Made this recipe over the weekend. Turned out great and a good easy recipe to follow. I will definitely be making more for Christmas.
    I used 3 disposable loaf pans that I laid on a dark cookie sheet. Bottoms got a little more brown than the rest of the cake and the top was quite a bit lighter. Not as pretty as yours pictured which looks evenly browned.
    Still my husband polished off nearly one entire loaf by last night. So he enjoyed them as well.
    Thanks for a good recipe!


  28. Barry C. Parsons December 3, 2012 at 3:50 pm - Reply

    The cookie sheet was the problem. Those dark ones always carry too much heat. If using a cookie sheet make sure it’s aluminum or just don’t use one at all. Glad they turned out well regardless.

  29. Anonymous December 17, 2012 at 8:25 pm - Reply

    I tried doubling it as I didn’t know how much it would make, then when I realized how much batter there was I had to split it into two bowls halfway through – that was fun. One batch makes one large ring cake or two big loaf pans or 3 smaller loaf or disposable pans… One of my cans of evaporated milk had gone well past the best before date so I tossed in some left over whipping cream to make up the difference – not a problem.

  30. Anonymous November 17, 2013 at 10:13 pm - Reply

    Great recipe! A Cherry In Every Bite!! Yummy 🙂

  31. Anonymous November 25, 2013 at 2:07 pm - Reply

    thank you for this site, my father and his family are from baybulls newfoundland, and my mother is fro nova scotia where i was born, this cherry cake will be a hit at my holiday table this year, thank you for bringing me home again:) even thou we are far apart now, this cake will make it feel like mt dad is right here with me

  32. Barry C. Parsons November 25, 2013 at 3:44 pm - Reply

    So nice to hear. Like so many Newfoundlanders, it just wouldn’t be Christmas without Cherry Cake.

  33. prs December 6, 2013 at 6:53 pm - Reply

    Hi I’m a Newfoundlander in where else but Fort McMurray, I plan on trying this recipe for my first ever cherry cake. I was thinking about sending a couple to my son in B.C. He usually gets his packages in 2 days, do you think mailing them is a good or bad idea?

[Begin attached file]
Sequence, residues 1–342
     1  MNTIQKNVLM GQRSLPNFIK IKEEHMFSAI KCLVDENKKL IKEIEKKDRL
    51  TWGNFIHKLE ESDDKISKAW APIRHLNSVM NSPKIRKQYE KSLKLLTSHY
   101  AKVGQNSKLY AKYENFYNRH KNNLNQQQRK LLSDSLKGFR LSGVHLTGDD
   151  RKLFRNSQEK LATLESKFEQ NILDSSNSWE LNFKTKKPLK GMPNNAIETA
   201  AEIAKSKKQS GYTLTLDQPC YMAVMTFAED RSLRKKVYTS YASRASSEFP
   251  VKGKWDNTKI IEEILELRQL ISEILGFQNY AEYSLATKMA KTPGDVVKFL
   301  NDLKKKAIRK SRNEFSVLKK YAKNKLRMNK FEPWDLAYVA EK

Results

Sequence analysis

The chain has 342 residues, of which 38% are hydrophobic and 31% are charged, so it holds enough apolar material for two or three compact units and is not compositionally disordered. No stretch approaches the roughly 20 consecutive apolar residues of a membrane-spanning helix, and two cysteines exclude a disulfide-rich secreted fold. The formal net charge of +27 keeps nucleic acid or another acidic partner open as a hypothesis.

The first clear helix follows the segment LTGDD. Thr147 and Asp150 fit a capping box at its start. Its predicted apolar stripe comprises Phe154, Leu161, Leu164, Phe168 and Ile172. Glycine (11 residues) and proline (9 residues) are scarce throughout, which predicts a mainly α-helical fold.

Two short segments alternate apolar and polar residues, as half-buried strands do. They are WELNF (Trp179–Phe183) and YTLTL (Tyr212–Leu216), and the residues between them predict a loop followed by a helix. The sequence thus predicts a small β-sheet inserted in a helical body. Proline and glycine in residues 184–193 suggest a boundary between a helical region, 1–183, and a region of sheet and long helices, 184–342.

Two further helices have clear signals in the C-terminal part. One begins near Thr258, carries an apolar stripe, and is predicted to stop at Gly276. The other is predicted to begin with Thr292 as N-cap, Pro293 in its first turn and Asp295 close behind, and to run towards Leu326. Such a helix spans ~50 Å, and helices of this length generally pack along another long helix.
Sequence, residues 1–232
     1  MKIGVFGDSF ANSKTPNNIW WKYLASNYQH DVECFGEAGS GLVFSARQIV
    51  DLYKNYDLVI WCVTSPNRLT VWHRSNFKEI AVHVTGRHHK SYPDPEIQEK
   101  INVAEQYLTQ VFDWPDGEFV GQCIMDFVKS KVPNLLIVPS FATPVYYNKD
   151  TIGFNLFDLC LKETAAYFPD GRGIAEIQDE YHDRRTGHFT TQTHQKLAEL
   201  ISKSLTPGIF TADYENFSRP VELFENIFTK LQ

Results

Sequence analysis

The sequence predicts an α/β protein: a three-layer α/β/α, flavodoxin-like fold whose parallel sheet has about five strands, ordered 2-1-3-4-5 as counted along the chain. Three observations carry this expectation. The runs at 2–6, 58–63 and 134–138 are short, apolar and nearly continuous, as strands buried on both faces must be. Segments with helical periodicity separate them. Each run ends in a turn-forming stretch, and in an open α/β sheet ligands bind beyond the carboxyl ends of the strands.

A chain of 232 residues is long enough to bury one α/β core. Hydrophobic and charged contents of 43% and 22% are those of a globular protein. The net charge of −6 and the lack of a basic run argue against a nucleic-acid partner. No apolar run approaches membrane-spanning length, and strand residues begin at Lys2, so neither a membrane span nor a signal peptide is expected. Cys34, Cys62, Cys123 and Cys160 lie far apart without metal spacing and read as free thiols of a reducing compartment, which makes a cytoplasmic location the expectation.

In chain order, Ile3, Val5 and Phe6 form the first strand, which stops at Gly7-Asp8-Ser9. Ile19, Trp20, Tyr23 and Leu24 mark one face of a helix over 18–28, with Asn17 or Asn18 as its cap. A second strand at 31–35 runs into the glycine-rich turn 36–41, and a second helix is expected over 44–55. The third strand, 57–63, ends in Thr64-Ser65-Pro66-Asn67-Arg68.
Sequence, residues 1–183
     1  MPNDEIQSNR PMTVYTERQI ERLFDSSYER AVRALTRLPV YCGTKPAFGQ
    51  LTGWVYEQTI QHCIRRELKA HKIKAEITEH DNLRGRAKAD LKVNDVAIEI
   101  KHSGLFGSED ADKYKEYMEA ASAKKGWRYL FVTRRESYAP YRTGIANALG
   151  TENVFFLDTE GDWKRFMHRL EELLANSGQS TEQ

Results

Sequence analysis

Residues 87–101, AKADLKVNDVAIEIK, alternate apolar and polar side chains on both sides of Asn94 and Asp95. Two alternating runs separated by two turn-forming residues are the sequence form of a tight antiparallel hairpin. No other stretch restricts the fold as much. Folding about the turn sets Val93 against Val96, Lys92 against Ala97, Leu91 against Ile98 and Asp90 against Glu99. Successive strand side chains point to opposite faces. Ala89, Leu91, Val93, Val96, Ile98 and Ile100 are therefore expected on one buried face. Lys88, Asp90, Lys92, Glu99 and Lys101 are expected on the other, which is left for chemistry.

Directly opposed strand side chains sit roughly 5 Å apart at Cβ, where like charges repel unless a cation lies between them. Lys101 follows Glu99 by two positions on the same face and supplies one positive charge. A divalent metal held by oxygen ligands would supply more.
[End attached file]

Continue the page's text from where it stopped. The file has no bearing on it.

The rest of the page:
34. Barry C. Parsons December 7, 2013 at 11:19 am - Reply

    Should be fine prs. Send them as soon as possible after baking and tell him to pop them in the freezer as soon as he gets them to keep for the Holidays. Merry Christmas.

  35. Kim October 4, 2014 at 6:31 pm - Reply

    Thanks Barry, this is my son’s favourite dessert of “all time” (he is 7). I will be making this for years to come. Love everything I’ve made from your site!

  36. Pauline November 10, 2014 at 2:28 pm - Reply

    I just put two of these cherry cakes in the oven and realized I hadn’t added the extracts! Darn – I thought I had copied the recipe wrong, but when I checked it wasn’t included in the instructions, not sure how they will turn out.

    • Barry C. Parsons November 18, 2014 at 3:31 pm - Reply

      Oops, I was reformatting the recipe and omitted a line by mistake.

  37. Wes November 26, 2014 at 11:06 pm - Reply

    How do you store them once baked Wrapped in Saran Wrap, and frozen? I made 3 and they look wonderful. Can’t wait to taste however am thinking aging a day or two is a good idea.

    I am hoping to serve them as part of our Christmas Baking at Christmas parties.